How to Write a Character Analysis Essay
A character analysis essay is a challenging type of essay students usually write for literature or English courses. In this article, we will explain what a character analysis is and how to approach it. We will also touch on how to analyze a certain character and will guide you through writing a character analysis essay.
Typically, this kind of essay requires students to describe the character in the context of the story. This can be fulfilled by analyzing the relationship between the character in question and other characters. Although, sometimes it is also appropriate to give your personal opinion and analysis of a certain character. Let’s start our article with how to do a character analysis by getting straight to what a character analysis actually is.
TABLE OF CONTENTS
- The Purpose
- Types of Characters
- How to Analyze a Character
- Steps on Writing an Essay
- The Outline
- Examples of Character Analysis
- Essay Writing Help
What Is a Character Analysis Essay?
A character analysis essay explains the in-depth traits and characteristics of a certain character. Mostly, the characters are from the literature, but sometimes other art forms, such as cinematography. In a character analysis essay, your main job is to tell the reader who the character really is and what role he/she plays in the story. Despite your personal opinion and preferences, it is really important to use your critical thinking skills and be objective towards the character you are analyzing. A character analysis essay usually involves the character’s relationship with others, his/her behavior, manner of speaking, the way he/she looks, and many other characteristics.
Need a Character Analysis Essay Written?
What Is the Purpose
More than to fulfill a requirement, this type of essay mainly helps the reader understand the character and the world he or she lives in. One of the essential purposes of a character analysis essay is to look at the anatomy of a character in the story and dissect who he/she is. We must be able to study how the character was shaped and then learn from their life.
A good example of a character for a character analysis essay is Daisy Buchanan from “The Great Gatsby”. The essay starts off by explaining who Daisy is and how she relates to the main character, Jay Gatsby. Depending on your audience, you need to decide how much of the plot should be included. If the entire class is writing an essay on Daisy Buchanan, it is logical to assume that everyone has read the book. Although, if you know for certain that your audience has little to no knowledge of who she is, it is crucial to include as much background information as possible.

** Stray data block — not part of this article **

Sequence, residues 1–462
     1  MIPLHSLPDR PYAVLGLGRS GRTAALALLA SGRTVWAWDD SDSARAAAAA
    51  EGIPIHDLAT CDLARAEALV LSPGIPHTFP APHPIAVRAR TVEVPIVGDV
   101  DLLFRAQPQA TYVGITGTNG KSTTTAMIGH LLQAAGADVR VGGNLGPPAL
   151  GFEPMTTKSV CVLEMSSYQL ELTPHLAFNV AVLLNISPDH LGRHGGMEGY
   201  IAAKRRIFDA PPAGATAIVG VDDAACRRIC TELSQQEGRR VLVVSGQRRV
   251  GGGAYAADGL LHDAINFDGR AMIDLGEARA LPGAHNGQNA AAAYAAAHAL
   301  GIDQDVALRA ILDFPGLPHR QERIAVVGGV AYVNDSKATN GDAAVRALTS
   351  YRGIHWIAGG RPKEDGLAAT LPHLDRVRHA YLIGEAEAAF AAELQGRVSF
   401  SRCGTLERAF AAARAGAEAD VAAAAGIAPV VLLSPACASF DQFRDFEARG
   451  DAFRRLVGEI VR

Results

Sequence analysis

After that, you need to explain the character through certain situations involving her and the things she said or did. Make sure to explain to the reader why you included certain episodes and how they have showcased the character. Finally, sum everything up by clearly stating the character’s purpose and role in the story.
Different Types of Characters
There are several types of characters based on their behaviors, traits, and roles within a story. We have gathered some of them, along with vivid examples from famous literature and cinema pieces:
- Major: These are main characters; they run the story. Regularly, there are only one or two major characters. Major characters are usually of two types: the protagonist – the good guy, and the antagonist: the bad guy or the villain.
- Protagonist(s) (heroes): The main character around whom most of the plot revolves.
For example, Othello from the Shakespeare’s play, Frodo from The Lord of the Rings by J.R.R. Tolkien, Harry Potter from the Harry Potter series by J.K. Rowling, or Elizabeth Bennet from “Pride and Prejudice” by Jane Austen.
- Antagonist(s): This is the person that is in opposition to the protagonist. This is usually the villain, but could also be a natural power, set of circumstances, majestic being, etc.
For example, Darth Vader from the Star Wars series by George Lucas, King Joffrey from Game of Thrones, or the Wicked Queen from “Snow White and Seven Dwarfs”.
- Minor: These are the characters who help tell the major character’s tale by letting them interact and reveal their personalities, situations, and/or stories. They are commonly static (unchanging). In The Lord of the Rings by J.R.R. Tolkien, the minor characters would be the whole Fellowship of the ring. In their own way, each member of the Fellowship helps Frodo to get the ring to Mordor, and without them the protagonist would not be a protagonist and would not be able to succeed. In the Harry Potter series by J.K. Rowling, minor characters are Ronald Weasley and Hermione Granger. They consistently help Harry Potter on his quests against Voldemort and, the same as Frodo, he wouldn’t have succeeded without them.
On top of being categorized as a protagonist, antagonist, or minor character, a character can also be dynamic, static, or foil.
- Dynamic (changing): Very often, the main character is dynamic.
An example would also be Harry Potter from the book’s series by J.K. Rowling. Throughout the series, we see Harry Potter noticing his likeness to Voldemort. Nevertheless, Harry resists these traits because, unlike Voldemort, he is a good person and resists any desire to become a dark wizard.
- Static (unchanging): Someone who does not change throughout the story is static.
A good example of a static character is Atticus Finch from “How to Kill a Mockingbird” by Harper Lee. His character and views do not change throughout the book. He is firm and steady in his beliefs in spite of controversial circumstances.
- Foils: These are the characters whose job is to draw attention to the main character(s) to enhance the protagonist’s role.